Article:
Pashupatinath in Nepal declared prohibited area (Roundup)

January 5th, 2009 - 10:21 pm ICT by IANS  

Amitabh BachchanKathmandu, Jan 5 (IANS) As violence and public anger continued to mount over the ruling Maoist party’s intervention in Nepal’s revered Pashupatinath temple, the 17th century temple and its surroundings were Monday declared prohibited areas where rallies, demonstrations and press conferences have been banned.The Pashupatinath Area Development Trust, an autonomous body that manages the shrine, Monday made the announcement after fresh violence erupted in the area with angry locals and students protesting against the Maoist government’s decision to remove Indian priests and appoint Nepali successors.

Protesters blocked part of the road leading to the temple, burning tyres and pelting passing vehicles with stones. Several cars were damaged.

Nepal’s major parties joined the chorus of condemnation putting greater pressure on Maoist Prime Minister Pushpa Kamal Dahal Prachanda to strike a conciliatory tone.

“We will honour the order of the Supreme Court,” Prachanda said after holding hasty meetings with President Ram Baran Yadav, and opposition leader and former prime minister Girija Prasad Koirala to discuss how to defuse the row that has also spread to neighbouring India.

Koirala, regarded as the architect of the peace agreement that ended Nepal’s 10-year Maoist insurgency and helped the guerrillas return to mainstream politics, has advised Prachanda to reinstate Mahabaleshwor Bhatt, the chief Indian priest at the shrine, who along with three other Indian priests resigned after alleged Maoist pressure.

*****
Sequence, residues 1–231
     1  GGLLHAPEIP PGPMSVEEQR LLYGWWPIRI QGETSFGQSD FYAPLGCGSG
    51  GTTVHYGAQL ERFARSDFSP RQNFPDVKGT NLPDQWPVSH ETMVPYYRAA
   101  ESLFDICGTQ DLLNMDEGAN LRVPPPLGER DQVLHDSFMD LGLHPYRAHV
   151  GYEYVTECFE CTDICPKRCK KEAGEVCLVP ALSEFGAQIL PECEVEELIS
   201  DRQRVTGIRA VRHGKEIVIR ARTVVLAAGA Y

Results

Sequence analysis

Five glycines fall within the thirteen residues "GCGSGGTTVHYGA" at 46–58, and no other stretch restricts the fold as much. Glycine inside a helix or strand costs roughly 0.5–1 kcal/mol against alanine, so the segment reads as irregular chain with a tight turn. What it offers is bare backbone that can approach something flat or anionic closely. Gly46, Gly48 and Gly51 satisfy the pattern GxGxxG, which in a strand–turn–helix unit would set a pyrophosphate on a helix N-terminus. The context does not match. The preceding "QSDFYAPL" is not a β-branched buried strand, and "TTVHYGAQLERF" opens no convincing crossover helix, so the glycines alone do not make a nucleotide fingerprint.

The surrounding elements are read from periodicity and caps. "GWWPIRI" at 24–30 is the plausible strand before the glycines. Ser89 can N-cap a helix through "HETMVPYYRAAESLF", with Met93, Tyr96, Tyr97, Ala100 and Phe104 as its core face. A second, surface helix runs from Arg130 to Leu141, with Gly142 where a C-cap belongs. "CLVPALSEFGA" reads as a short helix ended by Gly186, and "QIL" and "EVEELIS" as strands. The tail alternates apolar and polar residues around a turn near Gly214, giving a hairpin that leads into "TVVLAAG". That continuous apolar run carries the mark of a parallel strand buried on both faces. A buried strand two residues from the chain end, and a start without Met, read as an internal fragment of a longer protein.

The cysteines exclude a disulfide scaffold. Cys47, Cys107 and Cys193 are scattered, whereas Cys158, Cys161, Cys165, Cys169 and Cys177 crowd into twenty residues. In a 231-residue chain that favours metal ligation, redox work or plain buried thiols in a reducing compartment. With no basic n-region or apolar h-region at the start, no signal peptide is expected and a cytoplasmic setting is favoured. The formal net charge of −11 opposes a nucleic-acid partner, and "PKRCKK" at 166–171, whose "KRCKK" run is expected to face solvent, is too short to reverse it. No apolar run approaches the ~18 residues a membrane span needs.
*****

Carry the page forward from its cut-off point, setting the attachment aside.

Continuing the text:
He has also asked the Maoist government to follow the order issued by Nepal’s Supreme Court Sunday and to consult all political parties in future before taking decisions of national importance.

Three groups of people, including temple employees, filed petitions at Nepal’s Supreme Court last week, asking for the new appointments to be scrapped as they were done without following procedures.

However, the Maoist Minister for Culture and State Restructuring Gopal Kiranti had ruled out reinstating the Indian priests, saying that they had quit voluntarily and their resignation had been accepted by the trust.

Dismay and concern at the unprecedented fracas is being expressed by Indian leaders as well.

Former Indian defence minister Mulayam Singh Yadav, whose Samajwadi Party is an ally of the ruling United Progressive Alliance (UPA), said he was grieved to be leaving Nepal without being able to visit the Pashupatinath shrine.

Yadav, who had come on a two-day visit to Nepal Sunday at the personal invitation of President Yadav, said the furore was an evil omen that could assume dangerous proportions if not defused immediately.

He also said that Bollywood icon Amitabh Bachchan and billionaire industrialist Anil Ambani were also to have accompanied him but called off their trip because of the Pashupatinath row.

Protests Monday began in India as well with rallies before the Nepal Embassy in New Delhi where protesters burnt the effigy of Prachanda.

A subdued Prachanda Monday said the fracas was due to “unwarranted politicisation” but his government would obey the Supreme Court order.

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